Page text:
Every day, Wall Street analysts upgrade some stocks, downgrade others, and "initiate coverage" on a few more. But do these analysts even know what they're talking about? Today, we're taking one high-profile Wall Street pick and putting it under the microscope...
Investors in gold stocks are experiencing an up-down day today, as shares of Newmont Mining (NYSE:NEM) surge -- and those of Barrick Gold (NYSE:GOLD) fall back. For this, you can thank the analysts at Morgan Stanley, who chose today to upgrade the former and downgrade the latter.
Want to know what inspired Morgan Stanley to warm up to one and give the other the cold shoulder? Read on.
Upgrading Newmont Mining
We'll start with the "good" news today. This morning, analysts at investment bank Morgan Stanley upgraded Newmont Mining stock from equal weight to overweight. Newmont is showing "stronger execution," and has a "steadier production profile" and a "relatively de-risked project pipeline" than does Barrick Gold, explains Morgan Stanley in a note covered on StreetInsider.com (subscription required). The analyst also believes the company's production reserves will last longer, and generally prefers Newmont's balance sheet over Barrick's. Based on these factors, Morgan Stanley is raising its target price on Newmont Mining stock to $40 a share.
Now, that sounds like good news. Of course, Newmont stock currently sells for about $39, which means that even if everything Morgan Stanley says is right, then an investment in Newmont Mining stock today can only be expected to produce about a 2.5% profit for investors over the course of the year -- which hardly seems something to get excited about.
Downgrading Barrick Gold
The news for Barrick Gold investors is even less encouraging. Rating the stock underweight with a $12 target price (about 9% below where Barrick trades today), Morgan Stanley warns that although "the equity may appear cheap," it could nonetheless remain so and underperform the market. The analyst is using a new valuation method on Barrick's "Tanzania operations," moving away from valuing it based on its "net asset value," and using a "market valuation" instead.
Unfortunately, StreetInsider doesn't provide much more detail than that, but what might such a "market valuation" look like for Barrick stock...and for Newmont?
Valuing the gold companies
Newmont Mining boasts a market capitalization of $20.8 billion and net debt of $900 million on its balance sheet -- thus an enterprise value of $21.7 billion. Barrick, although its market cap is only three-quarters that of Newmont ($15.4 billion), carries $4.2 billion in net debt on its balance sheet, giving Barrick an enterprise value of $19.6 billion. Thus, the market value of both gold companies is actually very similar.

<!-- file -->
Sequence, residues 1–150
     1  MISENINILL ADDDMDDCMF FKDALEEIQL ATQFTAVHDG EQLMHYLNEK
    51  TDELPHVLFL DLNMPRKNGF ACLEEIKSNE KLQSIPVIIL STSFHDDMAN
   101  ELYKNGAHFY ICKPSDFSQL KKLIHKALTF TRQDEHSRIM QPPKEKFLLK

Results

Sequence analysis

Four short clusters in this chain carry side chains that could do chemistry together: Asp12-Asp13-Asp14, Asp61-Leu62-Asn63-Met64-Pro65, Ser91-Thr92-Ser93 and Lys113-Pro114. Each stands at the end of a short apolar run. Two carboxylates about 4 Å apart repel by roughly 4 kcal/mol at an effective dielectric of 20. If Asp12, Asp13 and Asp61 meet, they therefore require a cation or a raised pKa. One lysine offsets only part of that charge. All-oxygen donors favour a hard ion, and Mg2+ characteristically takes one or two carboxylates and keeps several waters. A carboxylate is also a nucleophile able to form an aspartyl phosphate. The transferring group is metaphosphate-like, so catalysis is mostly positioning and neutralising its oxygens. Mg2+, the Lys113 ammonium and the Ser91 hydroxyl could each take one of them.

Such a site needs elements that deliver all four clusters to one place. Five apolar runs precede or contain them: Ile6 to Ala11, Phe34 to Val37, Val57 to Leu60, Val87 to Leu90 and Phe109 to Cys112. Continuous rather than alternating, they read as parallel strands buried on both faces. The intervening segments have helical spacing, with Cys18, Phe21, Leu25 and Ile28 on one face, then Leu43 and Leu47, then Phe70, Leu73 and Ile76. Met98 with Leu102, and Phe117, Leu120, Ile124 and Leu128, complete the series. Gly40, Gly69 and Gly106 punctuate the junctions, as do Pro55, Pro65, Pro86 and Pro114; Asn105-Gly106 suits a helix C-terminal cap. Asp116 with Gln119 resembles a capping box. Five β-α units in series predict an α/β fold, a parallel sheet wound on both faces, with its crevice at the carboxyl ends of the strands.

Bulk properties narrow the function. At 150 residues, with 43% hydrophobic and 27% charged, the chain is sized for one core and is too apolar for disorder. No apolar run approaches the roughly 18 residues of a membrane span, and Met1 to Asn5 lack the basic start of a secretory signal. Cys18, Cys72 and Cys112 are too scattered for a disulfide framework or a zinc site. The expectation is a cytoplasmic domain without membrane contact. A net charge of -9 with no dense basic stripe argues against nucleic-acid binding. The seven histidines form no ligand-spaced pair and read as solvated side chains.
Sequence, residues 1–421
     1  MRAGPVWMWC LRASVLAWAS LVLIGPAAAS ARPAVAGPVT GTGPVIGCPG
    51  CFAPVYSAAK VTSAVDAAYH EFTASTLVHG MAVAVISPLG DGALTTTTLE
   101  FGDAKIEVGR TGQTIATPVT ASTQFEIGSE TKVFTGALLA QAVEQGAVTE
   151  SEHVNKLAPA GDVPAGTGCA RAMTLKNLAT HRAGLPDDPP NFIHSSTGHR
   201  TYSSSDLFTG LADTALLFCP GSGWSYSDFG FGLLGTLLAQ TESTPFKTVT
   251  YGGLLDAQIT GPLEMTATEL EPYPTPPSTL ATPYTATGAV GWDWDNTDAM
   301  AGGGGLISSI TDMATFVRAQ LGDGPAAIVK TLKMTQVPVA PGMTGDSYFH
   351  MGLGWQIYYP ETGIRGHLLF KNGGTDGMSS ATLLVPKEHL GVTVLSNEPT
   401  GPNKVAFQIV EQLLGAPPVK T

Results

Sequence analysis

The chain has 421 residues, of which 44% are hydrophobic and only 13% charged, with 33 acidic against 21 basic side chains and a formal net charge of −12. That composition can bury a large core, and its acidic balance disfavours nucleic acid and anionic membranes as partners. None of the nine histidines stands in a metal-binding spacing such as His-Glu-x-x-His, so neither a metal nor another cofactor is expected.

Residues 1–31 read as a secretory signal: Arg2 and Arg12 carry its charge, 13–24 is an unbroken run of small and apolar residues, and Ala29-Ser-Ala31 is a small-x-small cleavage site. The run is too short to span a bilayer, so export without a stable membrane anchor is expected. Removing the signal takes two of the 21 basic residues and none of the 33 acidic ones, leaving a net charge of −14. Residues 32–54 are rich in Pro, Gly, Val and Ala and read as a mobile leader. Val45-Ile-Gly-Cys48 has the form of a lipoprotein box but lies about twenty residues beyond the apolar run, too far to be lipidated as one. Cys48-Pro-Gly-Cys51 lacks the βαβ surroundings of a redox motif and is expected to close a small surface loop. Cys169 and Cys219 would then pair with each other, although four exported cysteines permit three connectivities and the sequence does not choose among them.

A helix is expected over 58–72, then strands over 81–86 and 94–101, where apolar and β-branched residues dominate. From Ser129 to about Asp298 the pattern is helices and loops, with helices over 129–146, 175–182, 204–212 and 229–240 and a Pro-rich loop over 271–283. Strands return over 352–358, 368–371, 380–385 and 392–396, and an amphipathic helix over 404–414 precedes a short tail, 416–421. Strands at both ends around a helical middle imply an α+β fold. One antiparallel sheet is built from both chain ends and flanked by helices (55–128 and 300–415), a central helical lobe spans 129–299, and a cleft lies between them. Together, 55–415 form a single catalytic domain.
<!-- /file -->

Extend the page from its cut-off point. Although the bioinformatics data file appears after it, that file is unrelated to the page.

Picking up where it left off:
At first glance, the valuations attributed to the companies' assets also look similar. Newmont's enterprise value is about 11% higher than Barrick's, and S&P Global Market Intelligence data show Newmont having 68,470 troy ounces of gold in proved and probable reserves -- 6% more than Barrick's 64,549 troy ounces.
But now consider how the two companies appear when valued on the cash they produce from mining and selling these reserves. Over the past year, Newmont has generated $1.3 billion in positive free cash flow from its business -- much more than its GAAP earnings of $47 million reflect. In contrast, Barrick Gold, despite having a similar market cap and similar reserves, generated half the cash profit that Newmont did -- $689 million.
So yes, it's true that Barrick's stock "may appear cheap" at just 10.7 times earnings (as reflected on Yahoo! Finance) versus Newmont's valuation of 443 times GAAP earnings. But when you compare these two gold stocks based on the actual cash they produce, Newmont really does look like the relative best bargain at 16.7 times free cash flow compared to Barrick's enterprise value-to-free-cash-flow ratio of 28.4.
To that extent, I have to agree with Morgan Stanley's decision to upgrade Newmont Mining relative to Barrick Gold. Newmont, it seems to me, is less expensive that Barrick.
That being said, I have to point out that most analysts who follow these stocks see Newmont growing its earnings at less than 11% annually over the next five years. That may be better than the single-digit growth rates being projected for Barrick, but if you ask me, both of these stocks still look too costly for the relatively modest growth rates that Wall Street is expecting them to produce.
In fact, when you consider that today's guest analyst is predicting only 2.5% profits for buyers of Newmont Mining stock -- the stock it's recommending -- and a loss for investors in Barrick Gold...I kind of suspect Morgan Stanley agrees with me on that point as well.